The Council is expected to agree on some political guidelines on issues of particular importance for the continuation of the work on this draft regulation. […]

[T]he shared will to move forward in such an important area as maintenance obligations was highlighted at the informal meeting of Justice and Home Affairs Ministers in Dresden on 15 and 16 January 2007.

The Council should focus its discussion on:

  • the abolition of the exequatur procedure for all maintenance obligation decisions covered by the Regulation, which would reduce the costs involved in enforcement of maintenance decisions and improve the position of creditors by speeding up enforcement of decisions and making them more easily portable within the European Union;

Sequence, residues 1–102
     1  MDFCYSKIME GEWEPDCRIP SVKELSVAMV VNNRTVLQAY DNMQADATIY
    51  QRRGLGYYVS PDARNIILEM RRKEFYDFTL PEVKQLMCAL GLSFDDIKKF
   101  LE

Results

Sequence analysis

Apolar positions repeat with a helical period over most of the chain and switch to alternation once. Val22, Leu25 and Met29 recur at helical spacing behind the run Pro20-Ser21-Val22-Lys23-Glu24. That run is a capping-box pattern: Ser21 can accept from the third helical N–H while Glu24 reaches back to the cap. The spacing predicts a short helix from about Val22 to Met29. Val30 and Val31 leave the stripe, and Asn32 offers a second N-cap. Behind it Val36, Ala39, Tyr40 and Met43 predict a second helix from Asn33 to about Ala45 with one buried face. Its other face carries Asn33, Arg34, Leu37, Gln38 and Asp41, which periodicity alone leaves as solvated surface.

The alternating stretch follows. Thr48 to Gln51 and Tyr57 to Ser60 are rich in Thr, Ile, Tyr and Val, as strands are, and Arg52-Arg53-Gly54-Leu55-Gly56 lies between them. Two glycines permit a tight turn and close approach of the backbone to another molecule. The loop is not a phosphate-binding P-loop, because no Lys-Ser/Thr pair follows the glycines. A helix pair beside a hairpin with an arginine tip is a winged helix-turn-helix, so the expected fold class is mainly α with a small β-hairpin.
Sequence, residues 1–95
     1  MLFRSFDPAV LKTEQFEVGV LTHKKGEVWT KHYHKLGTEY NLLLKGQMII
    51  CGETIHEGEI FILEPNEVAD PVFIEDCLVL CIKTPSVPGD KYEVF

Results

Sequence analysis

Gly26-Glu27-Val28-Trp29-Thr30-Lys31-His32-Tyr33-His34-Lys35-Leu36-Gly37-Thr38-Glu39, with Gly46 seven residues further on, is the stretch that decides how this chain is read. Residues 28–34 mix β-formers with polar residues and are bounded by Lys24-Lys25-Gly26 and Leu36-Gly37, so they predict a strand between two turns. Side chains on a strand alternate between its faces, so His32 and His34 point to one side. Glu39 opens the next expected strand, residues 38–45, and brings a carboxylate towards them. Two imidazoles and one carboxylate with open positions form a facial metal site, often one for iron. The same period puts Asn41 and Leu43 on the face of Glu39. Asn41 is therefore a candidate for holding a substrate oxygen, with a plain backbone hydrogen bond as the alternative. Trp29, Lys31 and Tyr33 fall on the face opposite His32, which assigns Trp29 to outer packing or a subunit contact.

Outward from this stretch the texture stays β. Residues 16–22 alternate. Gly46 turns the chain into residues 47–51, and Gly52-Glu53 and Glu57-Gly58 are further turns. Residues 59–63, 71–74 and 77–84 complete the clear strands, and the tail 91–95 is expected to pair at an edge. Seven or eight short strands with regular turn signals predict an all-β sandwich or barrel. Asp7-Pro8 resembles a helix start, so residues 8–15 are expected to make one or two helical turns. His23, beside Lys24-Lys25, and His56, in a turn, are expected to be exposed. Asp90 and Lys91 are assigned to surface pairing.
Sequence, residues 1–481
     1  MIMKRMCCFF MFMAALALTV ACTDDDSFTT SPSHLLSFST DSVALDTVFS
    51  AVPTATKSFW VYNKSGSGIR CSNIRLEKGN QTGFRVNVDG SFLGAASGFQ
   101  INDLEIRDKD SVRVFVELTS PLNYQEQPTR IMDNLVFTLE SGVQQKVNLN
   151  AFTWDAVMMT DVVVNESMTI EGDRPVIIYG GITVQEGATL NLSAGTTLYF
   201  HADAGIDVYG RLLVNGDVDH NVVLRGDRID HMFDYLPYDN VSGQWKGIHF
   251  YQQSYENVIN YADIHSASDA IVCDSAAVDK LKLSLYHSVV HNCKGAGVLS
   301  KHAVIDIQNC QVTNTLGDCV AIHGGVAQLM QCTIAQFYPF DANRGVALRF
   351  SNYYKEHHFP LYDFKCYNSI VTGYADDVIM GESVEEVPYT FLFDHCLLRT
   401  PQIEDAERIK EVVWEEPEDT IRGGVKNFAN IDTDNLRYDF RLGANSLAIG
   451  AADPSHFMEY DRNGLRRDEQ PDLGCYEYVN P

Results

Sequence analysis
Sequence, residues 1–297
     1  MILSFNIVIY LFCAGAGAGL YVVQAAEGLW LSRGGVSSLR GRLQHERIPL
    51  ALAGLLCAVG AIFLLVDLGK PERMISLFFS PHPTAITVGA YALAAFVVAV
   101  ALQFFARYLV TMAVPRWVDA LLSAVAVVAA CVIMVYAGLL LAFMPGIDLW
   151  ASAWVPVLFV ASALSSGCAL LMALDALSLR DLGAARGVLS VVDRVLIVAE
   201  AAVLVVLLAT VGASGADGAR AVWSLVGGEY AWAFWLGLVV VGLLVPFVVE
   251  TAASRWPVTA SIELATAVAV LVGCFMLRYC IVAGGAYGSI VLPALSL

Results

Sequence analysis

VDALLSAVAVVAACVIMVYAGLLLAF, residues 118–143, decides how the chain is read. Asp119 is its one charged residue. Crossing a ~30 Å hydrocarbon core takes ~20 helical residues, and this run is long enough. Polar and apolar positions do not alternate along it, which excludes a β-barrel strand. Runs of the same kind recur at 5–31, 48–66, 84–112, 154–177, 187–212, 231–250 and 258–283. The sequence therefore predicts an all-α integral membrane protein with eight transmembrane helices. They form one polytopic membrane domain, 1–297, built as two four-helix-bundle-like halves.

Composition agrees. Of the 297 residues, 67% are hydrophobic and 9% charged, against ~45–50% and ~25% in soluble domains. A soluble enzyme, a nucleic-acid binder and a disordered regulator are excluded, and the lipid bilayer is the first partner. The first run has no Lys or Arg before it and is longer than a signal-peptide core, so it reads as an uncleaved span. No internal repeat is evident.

• the introduction of a system of cooperation between central authorities in order to facilitate application of the Regulation;
  • making it clear in a recital that the Regulation applies only in situations having cross-border implications and hence an international aspect, and
  • the conditions on which Member State may retain or conclude agreements with third countries in this particular area.

Latest available document of the Council: doc. n. 16830/06 of 20 December 2006 (available in German: text of the Regulation as drafted by the Finnish and German Presidency on the basis of the meetings of the Committee on Civil Law Matters (Maintenance Obligations) and the comments made by Member States delegations).

Rome I (see the related section of our site)

[…] Although most of the text is agreed by all delegations, there are some elements on which there is still not yet unanimity. With this aim, the Council is expected to examine a compromise package submitted by the Presidency.